Sampson, an 8-year-old English bulldog, ran off from his owner, Mike Francow, on Tuesday. Francow was eating lunch in an East Hampton, New York, park and assumed Sampson would come back quickly, the New York Post reported Friday.
“He’s the type of dog that always returns,” Francow told the Post. “He would usually come back to my van.”
However, Francow’s lunch break ended before Sampson returned, and Francow had to get back to work, the newspaper reported.
Sampson, an 8-year-old English bulldog ran off from his owner, Mike Francow, last week and was found near some train tracks.
It turns out, Sampson had gone to the Long Island Rail Road (LIRR) tracks near the Southampton station. That’s where LIRR engineer Christian Beck saw Sampson just after noon, according to the Post.
“As a dog lover, it’s like my worst fear to hit a dog,” Beck told the Post. “Luckily it was a section of track where the max speed you can go is only like 40 miles an hour. It was enough time to react and slow the train.”
A Long Island Rail Road engineer saw Sampson near the Southampton station and brought the dog onto the train.
Beck got off the train, along with assistant conductor Vinny Fragale, and the two brought Sampson on board. They gave the pooch some water and continued on their way to Montauk, according to the Post.
“He followed me around the whole day,” Fragale told the newspaper. “When I was on the couch in the breakroom, he actually took a nap right in front of me. He just hung out.”
After they arrived at Montauk, conductor Mike Stabile posted pictures of Sampson online in search of his owner. Within 20 minutes, Francow’s co-worker sent him the post and he got in touch with the crew, the Post reported.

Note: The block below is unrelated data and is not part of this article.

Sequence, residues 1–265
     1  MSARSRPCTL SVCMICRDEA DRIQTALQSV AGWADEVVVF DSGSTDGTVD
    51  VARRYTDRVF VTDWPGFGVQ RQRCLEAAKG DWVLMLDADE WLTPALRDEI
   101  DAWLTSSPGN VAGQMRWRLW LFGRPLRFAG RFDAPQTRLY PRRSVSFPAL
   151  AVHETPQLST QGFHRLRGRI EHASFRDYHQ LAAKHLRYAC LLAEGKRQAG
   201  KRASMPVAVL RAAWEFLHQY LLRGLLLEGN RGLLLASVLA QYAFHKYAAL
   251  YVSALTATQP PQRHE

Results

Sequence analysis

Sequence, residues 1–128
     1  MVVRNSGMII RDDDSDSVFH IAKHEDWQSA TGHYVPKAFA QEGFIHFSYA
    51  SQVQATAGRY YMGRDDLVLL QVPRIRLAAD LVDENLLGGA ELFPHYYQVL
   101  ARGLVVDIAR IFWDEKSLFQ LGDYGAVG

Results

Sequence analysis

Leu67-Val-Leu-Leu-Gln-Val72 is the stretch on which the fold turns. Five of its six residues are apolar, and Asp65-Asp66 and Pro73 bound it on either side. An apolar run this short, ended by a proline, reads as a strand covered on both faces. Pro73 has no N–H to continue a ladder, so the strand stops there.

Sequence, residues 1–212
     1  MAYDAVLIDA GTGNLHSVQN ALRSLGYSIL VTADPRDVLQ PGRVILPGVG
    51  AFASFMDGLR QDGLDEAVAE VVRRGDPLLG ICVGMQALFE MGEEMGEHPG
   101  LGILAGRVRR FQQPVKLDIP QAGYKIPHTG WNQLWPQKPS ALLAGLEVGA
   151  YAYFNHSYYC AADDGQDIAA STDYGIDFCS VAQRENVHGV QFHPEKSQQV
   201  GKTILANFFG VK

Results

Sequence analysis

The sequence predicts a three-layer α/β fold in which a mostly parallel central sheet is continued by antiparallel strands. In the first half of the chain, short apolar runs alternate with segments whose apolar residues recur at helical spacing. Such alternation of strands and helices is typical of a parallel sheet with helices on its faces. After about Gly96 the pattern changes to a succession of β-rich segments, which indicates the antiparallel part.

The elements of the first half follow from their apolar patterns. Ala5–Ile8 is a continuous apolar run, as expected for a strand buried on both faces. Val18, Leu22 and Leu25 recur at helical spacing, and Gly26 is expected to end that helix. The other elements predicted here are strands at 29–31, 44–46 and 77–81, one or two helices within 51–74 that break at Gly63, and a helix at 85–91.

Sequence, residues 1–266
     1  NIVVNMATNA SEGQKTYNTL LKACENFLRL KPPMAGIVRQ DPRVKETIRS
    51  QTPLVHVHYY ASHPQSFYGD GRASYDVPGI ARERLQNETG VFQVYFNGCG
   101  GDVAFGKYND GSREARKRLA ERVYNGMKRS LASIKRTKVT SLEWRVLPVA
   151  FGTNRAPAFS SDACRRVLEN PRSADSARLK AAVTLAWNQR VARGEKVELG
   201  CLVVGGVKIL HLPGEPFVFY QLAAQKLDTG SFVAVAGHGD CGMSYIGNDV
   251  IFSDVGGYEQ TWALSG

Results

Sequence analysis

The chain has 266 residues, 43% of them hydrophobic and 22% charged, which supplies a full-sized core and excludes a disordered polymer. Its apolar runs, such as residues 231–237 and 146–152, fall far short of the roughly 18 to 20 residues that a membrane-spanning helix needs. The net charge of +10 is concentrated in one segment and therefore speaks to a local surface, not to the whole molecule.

Sampson was finally reunited with his owner, Mike Francow, after LIRR crew members posted pictures of the pooch online.
“He loves to ride, so I’m sure when the train pulled up and they opened the door he was like, ‘Sure, this is great,’” Francow told the newspaper.
Francow and Sampson were reunited a few hours later when the train arrived back at Bridgehampton, the Post reported. According to the newspaper, Francow plans on putting a tag on Sampson so he won’t get lost again.
“Those are some really special people to do that and take care of him,” Francow told the Post.
In a statement provided to Fox News, LIRR President Phil Eng praised the crew that rescued Sampson
“This act of heroism is another example of how our workforce is truly part of the community where they live and serve,” Eng said. “Our conductors and engineers and other frontline workers are truly compassionate people who take pride in helping their Long Island neighbors.”
“As a dog owner myself I am glad that our crew went above and beyond to rescue Sampson and connect him with his owner,” Eng added. “I look forward to providing a commendation for all of these employees and working with our labor leaders to acknowledge the true spirit of the workforce.”